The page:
Given the flexibility in ESSA, and differences in identification processes and student populations across states, it is not surprising that states have differing rates of identification. These differing rates of identification can be seen in a report by the Center for Educational Policy (CEP). Readers should note that these numbers may not be the exact rates of identification across states, but the resource does generally demonstrate the variability in identification rates across states (Figure 1). The Center, along with the Council of Chief State School Offers (CCSSO) is developing a report that supplements this data created by the CEP.
Recently, at the CCSSO State Collaborative and Assessment of Student Standards (SCASS) Accountability Systems and Reporting meeting, it became clear that different states did not know much about the identification systems of other states. Given that ESSA identification only began in Fall 2018, this knowledge gap is not surprising. State accountability leaders did have an interest in the different decisions other states were making regarding their identification systems.
Developing an Identification Framework to Understand Differences Across States
As there is interest among state accountability leaders in understanding cross-state systems and the differences among them, we created a framework to describe variations in state identification systems. This identification framework identifies characteristics in identification systems that contribute to the variation in identification rates across states.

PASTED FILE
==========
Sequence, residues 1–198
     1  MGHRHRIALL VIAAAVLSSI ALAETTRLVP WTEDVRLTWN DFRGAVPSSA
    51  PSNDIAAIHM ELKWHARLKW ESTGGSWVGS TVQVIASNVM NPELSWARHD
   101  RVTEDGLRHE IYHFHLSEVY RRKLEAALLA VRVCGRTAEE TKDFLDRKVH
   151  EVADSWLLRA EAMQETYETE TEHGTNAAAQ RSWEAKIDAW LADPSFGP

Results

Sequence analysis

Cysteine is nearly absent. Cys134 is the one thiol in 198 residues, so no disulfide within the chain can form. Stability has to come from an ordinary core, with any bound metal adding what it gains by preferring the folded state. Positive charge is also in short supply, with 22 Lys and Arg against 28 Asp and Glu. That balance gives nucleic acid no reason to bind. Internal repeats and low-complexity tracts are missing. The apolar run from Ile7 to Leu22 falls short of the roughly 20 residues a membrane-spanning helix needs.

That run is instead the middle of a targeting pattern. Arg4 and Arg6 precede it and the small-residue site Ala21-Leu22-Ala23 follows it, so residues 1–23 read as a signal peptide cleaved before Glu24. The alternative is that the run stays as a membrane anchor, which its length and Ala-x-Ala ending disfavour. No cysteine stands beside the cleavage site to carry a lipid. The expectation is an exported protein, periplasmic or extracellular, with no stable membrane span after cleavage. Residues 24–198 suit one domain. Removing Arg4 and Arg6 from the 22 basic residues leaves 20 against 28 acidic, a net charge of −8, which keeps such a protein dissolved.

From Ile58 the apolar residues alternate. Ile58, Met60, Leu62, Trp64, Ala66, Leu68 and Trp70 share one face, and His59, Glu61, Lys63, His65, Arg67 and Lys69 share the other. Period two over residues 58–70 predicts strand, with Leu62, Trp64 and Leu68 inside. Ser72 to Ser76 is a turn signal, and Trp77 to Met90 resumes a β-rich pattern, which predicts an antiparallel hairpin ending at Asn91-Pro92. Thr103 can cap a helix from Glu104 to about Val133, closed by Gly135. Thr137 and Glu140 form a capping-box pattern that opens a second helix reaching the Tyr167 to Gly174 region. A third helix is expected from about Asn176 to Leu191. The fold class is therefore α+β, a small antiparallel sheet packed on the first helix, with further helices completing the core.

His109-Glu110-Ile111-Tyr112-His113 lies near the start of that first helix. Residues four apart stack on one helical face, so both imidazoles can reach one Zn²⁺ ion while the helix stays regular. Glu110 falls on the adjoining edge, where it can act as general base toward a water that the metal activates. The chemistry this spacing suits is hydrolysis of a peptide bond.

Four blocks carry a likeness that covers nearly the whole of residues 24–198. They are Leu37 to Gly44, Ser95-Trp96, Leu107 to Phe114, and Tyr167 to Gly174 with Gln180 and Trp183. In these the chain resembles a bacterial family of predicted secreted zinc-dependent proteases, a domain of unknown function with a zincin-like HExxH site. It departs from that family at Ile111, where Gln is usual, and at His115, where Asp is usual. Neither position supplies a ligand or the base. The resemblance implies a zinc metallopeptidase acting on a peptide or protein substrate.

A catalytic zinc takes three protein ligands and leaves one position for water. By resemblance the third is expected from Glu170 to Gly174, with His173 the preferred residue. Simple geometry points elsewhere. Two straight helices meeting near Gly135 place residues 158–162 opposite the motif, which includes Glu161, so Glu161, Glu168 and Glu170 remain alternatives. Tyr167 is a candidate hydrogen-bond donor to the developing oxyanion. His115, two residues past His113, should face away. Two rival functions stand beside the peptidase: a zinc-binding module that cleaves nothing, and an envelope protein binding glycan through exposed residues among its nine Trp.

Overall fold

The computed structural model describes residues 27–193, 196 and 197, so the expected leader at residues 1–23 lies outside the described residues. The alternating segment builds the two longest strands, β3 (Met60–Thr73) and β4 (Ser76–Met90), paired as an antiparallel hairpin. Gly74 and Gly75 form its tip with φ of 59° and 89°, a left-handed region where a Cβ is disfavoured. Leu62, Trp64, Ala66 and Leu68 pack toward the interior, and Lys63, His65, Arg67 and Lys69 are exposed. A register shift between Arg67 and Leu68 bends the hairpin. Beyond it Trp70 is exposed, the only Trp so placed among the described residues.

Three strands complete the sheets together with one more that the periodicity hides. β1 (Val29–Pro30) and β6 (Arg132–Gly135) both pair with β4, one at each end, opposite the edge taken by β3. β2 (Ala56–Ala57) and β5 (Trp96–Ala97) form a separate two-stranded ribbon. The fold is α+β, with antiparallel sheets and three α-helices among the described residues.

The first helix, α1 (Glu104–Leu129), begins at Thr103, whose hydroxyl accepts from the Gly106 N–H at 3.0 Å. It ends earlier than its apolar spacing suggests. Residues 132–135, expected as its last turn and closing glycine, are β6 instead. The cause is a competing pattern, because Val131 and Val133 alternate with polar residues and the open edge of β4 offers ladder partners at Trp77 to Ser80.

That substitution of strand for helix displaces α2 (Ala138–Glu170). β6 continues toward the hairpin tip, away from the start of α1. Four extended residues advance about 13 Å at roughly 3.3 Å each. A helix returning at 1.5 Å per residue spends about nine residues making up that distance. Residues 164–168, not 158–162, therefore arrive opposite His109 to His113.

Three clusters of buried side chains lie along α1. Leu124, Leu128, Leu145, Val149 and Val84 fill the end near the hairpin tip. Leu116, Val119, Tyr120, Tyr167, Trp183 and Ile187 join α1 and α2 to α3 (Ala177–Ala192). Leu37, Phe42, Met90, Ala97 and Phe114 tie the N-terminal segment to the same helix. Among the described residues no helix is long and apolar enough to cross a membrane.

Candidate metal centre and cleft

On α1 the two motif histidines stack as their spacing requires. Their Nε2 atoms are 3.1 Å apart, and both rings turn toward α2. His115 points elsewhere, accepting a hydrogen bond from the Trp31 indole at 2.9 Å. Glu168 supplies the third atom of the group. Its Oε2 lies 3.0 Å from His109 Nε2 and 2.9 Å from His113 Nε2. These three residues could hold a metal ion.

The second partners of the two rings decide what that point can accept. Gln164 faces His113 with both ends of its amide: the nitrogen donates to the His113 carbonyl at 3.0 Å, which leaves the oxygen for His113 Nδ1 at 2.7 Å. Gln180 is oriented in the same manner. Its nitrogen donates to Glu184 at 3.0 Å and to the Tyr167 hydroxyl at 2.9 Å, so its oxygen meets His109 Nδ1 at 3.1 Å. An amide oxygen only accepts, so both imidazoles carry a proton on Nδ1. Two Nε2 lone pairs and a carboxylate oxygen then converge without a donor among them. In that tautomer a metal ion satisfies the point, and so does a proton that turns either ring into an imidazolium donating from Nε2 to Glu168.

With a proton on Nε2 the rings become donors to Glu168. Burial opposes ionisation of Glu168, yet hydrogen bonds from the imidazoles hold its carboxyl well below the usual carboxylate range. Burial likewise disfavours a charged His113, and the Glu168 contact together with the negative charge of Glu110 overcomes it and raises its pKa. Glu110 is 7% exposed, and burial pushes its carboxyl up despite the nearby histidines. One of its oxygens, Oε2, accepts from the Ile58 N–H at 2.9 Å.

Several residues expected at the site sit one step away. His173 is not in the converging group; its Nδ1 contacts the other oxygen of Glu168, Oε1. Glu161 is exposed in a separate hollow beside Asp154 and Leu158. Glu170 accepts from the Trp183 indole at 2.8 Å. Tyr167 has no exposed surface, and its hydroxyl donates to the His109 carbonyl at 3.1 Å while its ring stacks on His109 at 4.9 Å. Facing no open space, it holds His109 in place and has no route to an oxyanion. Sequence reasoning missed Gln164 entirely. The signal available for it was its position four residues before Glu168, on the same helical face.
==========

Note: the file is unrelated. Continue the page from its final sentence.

Ideally this framework will help state accountability, assessment, and education leaders to understand the decisions states are making in their identification processes. We expect that as time progresses, and states see how their systems, as well as others’ systems, function, they will make adjustments to better accommodate the resources, values, and needs of their schools.
For this identification framework, we identified four dimensions or categories of design decisions: Inclusion, empirical performance, frequency/rigor, and identification paradigm.
- Inclusion pertains to how states decide to include schools in the categorization or accountability process (e.g. subgroup formation).
- Empirical performance pertains to student performance on accountability indicators (e.g. variability of student performance on individual indicators).
- Frequency/rigor pertains to the timing of identification and exit criteria, as well as the rigor of these two processes.